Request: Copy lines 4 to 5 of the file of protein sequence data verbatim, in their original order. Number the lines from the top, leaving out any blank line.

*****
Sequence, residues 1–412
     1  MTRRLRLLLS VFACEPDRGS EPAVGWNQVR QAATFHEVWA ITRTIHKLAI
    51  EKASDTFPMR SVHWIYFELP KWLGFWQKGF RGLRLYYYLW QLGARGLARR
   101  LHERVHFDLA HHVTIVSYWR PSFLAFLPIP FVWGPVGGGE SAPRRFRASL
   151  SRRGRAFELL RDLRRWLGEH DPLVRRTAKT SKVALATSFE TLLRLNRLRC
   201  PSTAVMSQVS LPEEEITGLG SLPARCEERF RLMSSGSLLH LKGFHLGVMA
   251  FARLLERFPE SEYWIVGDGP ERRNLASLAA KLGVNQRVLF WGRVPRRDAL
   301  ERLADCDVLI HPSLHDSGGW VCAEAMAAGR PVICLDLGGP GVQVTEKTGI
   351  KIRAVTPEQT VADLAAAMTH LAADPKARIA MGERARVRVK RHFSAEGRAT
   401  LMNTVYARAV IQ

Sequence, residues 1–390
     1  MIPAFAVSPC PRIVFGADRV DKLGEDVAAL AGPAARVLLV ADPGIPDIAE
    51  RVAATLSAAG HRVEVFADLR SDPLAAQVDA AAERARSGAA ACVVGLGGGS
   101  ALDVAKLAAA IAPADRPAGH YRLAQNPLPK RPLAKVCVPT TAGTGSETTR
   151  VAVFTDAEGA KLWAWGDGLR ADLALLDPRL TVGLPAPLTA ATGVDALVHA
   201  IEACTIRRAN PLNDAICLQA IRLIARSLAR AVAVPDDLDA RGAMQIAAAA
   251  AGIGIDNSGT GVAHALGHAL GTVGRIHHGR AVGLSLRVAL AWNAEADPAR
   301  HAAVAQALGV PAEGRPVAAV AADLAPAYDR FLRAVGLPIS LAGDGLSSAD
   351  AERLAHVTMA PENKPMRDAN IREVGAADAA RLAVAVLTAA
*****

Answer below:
   101  LHERVHFDLA HHVTIVSYWR PSFLAFLPIP FVWGPVGGGE SAPRRFRASL
   151  SRRGRAFELL RDLRRWLGEH DPLVRRTAKT SKVALATSFE TLLRLNRLRC